The following is a guest contribution and reflects the author’s views alone. For information on how to submit an article to the Opinion Section, click here.
I am writing to, and in solidarity with, the students who felt fear, loneliness, and grief in response to the recent “demonstration” on campus, where slurs were directed at marginalized communities, as highlighted in the recent opinion column by Kristal Grant ’24. I am also writing in solidarity with the students working to make campus a more equitable place that centers around the needs of the most marginalized.
The language used in that demonstration, historically imbued with a legacy of hate and violence, stands as a stark reminder of the work that remains to be done. This outside group hoped that spewing abhorrent messages from sidewalks just off campus would draw attention and spark a reaction from the University community. Many in our community helped minimize the group’s impact by simply ignoring their hate.
However, it is not so simple for many others in our community. As a Black, mixed-race, queer man of historically low-income and first-generation experience, I believe that being on the receiving end of that rhetoric, and living through the material consequences that accompany it, can only be truly understood by those of us who have survived these moments. For Black and brown folks, and women and femme folks, and queer and trans (QT) folks, it summons, from the depths of despair, the ways that systems, nations, and indeed universities have historically rejected and denied our humanity.
And now we are called to envision a Princeton University that celebrates the richness and fullness of our humanity. As one step toward this goal, I am committed to working with University leaders and our students to establish a trauma-informed response team.
Furthermore, in my commitment to partner with senior leaders across campus to address the needs of the most marginalized students on campus, I am working closely with my counterpart Tennille Haynes, Assistant Dean and Director of the Carl A. Fields Center, on University initiatives to support you and to advocate for your needs. The Committee on Black and LGBTQIA+ Student Experiences, chaired by Dean Haynes, has been working to address the disparities experienced by our Black and QT communities. This group — charged by Vice President for Campus Life Rochelle Calhoun over a year ago — is critically analyzing policies, procedures, and practices that disparately impact queer and trans people of color, and to redress them from a systems-based approach to reduce the reproduction of inequalities.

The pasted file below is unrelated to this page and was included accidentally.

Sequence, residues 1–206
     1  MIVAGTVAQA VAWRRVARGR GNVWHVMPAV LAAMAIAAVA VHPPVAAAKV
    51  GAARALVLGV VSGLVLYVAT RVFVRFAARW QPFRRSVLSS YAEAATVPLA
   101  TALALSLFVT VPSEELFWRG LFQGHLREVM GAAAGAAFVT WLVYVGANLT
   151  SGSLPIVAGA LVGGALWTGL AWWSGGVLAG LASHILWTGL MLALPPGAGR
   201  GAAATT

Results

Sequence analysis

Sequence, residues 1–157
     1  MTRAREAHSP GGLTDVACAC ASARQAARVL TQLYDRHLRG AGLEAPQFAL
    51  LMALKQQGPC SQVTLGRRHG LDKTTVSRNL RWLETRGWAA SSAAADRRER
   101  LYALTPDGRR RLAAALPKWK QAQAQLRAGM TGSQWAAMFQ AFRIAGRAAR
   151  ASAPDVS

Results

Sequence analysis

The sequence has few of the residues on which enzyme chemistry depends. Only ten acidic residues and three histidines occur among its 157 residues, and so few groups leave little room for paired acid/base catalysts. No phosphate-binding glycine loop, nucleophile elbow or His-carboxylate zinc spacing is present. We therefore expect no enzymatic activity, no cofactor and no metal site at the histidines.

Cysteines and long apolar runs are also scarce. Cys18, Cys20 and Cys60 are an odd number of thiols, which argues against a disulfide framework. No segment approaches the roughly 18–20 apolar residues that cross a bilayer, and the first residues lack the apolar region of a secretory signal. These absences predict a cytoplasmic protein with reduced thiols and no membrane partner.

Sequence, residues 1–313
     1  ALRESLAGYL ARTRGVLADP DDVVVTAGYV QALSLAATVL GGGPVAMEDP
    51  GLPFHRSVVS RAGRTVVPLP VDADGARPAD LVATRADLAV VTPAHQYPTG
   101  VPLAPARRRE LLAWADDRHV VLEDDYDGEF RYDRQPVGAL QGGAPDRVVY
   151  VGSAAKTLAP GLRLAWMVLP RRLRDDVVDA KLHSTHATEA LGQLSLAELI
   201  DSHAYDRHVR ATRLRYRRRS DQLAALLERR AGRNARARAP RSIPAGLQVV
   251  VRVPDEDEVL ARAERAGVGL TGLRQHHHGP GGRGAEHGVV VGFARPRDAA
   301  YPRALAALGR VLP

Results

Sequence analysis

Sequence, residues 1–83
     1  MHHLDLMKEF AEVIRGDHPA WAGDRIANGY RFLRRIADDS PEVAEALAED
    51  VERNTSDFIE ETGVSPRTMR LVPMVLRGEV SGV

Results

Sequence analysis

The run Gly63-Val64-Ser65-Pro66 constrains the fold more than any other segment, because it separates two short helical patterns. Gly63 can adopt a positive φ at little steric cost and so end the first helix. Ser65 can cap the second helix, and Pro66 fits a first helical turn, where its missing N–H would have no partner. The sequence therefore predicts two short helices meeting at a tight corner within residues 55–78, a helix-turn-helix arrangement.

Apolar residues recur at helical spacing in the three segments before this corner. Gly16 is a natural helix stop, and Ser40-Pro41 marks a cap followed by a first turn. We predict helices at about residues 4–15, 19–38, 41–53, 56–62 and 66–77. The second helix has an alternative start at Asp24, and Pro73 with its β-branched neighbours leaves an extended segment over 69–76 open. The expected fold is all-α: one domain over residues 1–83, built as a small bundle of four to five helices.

I believe that working groups like this — inspired by regular dialogue with students — are the recipe toward implementing equitable policies and practices where students can show up in every corner of campus as their authentic selves.
The newly formed Gender + Sexuality Resource Center will be officially launched next Monday, Sept. 27, at 5 p.m. This day and event will truly be a launching pad because there is much work to be done. We will be doing this work in close community with our stakeholders — women, femme, queer, and trans students at the intersections of identity. At the event, there will be an opportunity for you to leave your recommendations and suggestions with our team.
I will close by re-stating that I write in solidarity with our students who were hurt by the recent “demonstration” on campus and those students who have been working to make campus a more equitable place.
Kristopher Oliveira (he/him) is the Director of the Gender + Sexuality Resource Center and an Assistant Dean in the Office of Diversity and Inclusion-Campus Life.